HUBRIS SYNDROME

Hustler Nation's win in Msambweni: Is this canary in the coal mine?

It appears to be a moment to test the popularity of the Hustler Nation in taking on the dynasties

In Summary

• Was Msambweni communicating to the dynasty politicos that the music beats have changed and that there was a new DJ behind the deck? As goes Mwambweni, so goes  BBI?

• Was this the true manifestation of ‘kwa ground vitu ni different?’

Nyali MP Mohammed Ali, Independent candidate Feisal Bader (winner) and Khatib Mwashetani address the media at Gazi in Msambweni.
WINNER: Nyali MP Mohammed Ali, Independent candidate Feisal Bader (winner) and Khatib Mwashetani address the media at Gazi in Msambweni.
Image: SHABAN OMAR

The father of oxygen therapy: This was the name given to John Scott Haldane, who was a Scottish physician and physiologist famous for his intrepid self-experimentation that led to many important inventions. They included the black veil respirator, the decompression chamber that helps make deep-sea divers safer and the oxygen tent.

During this time, there were many mine disasters caused by the underground toxic gases that killed most mines. After John examined the bodies of the dead miners, he noticed their skin was coloured cherry-pink from carboxyhaemoglobin. This is a compound formed in the blood after reacting with gas that effectively displaces oxygen, and so the victim dies of asphyxia.

To save the miners, whose livelihoods and that of their villages were supported by the mining industry, John proposed to use sentinel species. These are animals that are more sensitive than humans to the colourless, odourless carbon monoxide and other poisonous gasses.

He suggested the use of canaries, which, unlike other birds, are good early detectors of carbon monoxide because their anatomy allows them to get a dose of oxygen when they inhale, and another when they exhale by holding air in extra sacs. By doing so, they get a double dose of air and any poisons the air might contain.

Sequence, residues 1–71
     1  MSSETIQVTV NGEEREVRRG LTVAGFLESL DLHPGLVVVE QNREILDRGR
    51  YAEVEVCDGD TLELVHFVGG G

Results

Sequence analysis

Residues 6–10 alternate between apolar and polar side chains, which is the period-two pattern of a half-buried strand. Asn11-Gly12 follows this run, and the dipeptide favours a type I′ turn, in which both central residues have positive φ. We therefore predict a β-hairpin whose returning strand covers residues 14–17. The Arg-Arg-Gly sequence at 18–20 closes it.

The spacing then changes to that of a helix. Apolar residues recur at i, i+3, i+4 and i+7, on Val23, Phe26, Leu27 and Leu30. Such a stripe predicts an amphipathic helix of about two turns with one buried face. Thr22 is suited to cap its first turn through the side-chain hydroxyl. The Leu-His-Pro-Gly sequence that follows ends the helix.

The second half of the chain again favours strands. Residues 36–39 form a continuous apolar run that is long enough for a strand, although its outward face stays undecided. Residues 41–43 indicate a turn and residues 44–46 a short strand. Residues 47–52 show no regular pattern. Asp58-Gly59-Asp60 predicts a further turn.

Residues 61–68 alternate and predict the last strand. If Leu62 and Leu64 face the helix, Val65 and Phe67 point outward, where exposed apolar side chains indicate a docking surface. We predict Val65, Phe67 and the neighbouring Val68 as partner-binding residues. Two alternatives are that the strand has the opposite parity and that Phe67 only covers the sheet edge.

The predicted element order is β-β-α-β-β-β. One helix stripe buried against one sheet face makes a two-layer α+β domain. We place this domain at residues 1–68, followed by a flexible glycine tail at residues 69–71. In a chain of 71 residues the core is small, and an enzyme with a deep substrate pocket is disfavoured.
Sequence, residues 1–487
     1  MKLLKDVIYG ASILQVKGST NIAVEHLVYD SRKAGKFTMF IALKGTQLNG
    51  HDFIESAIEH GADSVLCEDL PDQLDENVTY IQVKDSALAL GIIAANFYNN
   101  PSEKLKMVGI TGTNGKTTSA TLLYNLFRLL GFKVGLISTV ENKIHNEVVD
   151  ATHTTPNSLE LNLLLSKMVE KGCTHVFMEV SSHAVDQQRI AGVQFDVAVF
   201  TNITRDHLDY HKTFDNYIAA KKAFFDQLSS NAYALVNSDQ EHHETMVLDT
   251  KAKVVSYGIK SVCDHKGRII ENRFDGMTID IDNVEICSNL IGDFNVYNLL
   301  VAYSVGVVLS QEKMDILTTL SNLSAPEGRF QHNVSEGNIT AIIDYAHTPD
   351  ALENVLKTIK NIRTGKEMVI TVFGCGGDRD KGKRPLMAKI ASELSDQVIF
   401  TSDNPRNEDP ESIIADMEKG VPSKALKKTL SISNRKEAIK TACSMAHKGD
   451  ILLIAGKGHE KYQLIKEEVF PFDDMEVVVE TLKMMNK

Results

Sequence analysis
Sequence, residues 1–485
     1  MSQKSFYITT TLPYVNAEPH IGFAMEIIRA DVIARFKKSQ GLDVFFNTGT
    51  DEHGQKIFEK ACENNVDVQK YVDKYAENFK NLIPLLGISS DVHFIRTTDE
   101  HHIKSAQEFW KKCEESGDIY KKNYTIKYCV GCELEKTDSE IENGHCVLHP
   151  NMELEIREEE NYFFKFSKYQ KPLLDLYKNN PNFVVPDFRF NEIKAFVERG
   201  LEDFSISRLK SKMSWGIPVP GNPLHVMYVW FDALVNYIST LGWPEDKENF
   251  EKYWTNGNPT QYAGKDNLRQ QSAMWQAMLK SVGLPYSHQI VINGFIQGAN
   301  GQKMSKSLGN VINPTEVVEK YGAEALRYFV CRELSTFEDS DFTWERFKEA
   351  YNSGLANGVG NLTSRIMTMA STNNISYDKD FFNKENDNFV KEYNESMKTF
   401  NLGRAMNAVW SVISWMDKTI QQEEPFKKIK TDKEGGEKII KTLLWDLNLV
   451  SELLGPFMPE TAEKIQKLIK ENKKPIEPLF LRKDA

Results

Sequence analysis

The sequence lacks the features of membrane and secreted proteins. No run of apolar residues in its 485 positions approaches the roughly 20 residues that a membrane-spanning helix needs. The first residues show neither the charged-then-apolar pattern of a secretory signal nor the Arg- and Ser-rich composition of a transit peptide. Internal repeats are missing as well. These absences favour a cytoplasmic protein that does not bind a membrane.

When the miners took the canaries down to the mines with them, they observed them and if the birds became ill or died, this gave a warning to immediately evacuate. This became the metaphor for a warning sign – when the canary keels over, it is time to evacuate the mine before you become the next victim.

The expression canary in the coal mine has since been used to mean an early indicator of potential danger or failure.

This week, several by-elections were held around the country, with the one in Msambweni, Kwale county, attracting the most attention. So heated was this race that it attracted the political tribal kingpins, who also double as party leaders, to earnestly campaign for their respective aspirants.

None other than President Uhuru Kenyatta, whose party had declared that it would not field a candidate, was involved. The veiled message was an extension of the handshake, an arrangement in which Jubilee and ODM would not compete for the same position. The boardroom decision had already been made public.

This decision, however, did not sit very well with Jubilee deputy party leader Deputy President William Ruto. His several attempts to field a Jubilee candidate, even poaching one from ODM, were unsuccessful.

The party leadership patronisingly blocked all his efforts. But not being one to give up easily, he backed an aspirant who vied as an independent candidate.

After all was said and done, including campaign rallies that flagrantly disregarded all Covid-19 prevention measures, unpalatable epithets hurled by opposing politicos, violence, voter intimidation and arrest of some politicians, Feisal Bader, the independent candidate, carried the day.

Feisal garnered 15,251 votes, beating ODM’s Omar Boga, who got 10,444 votes.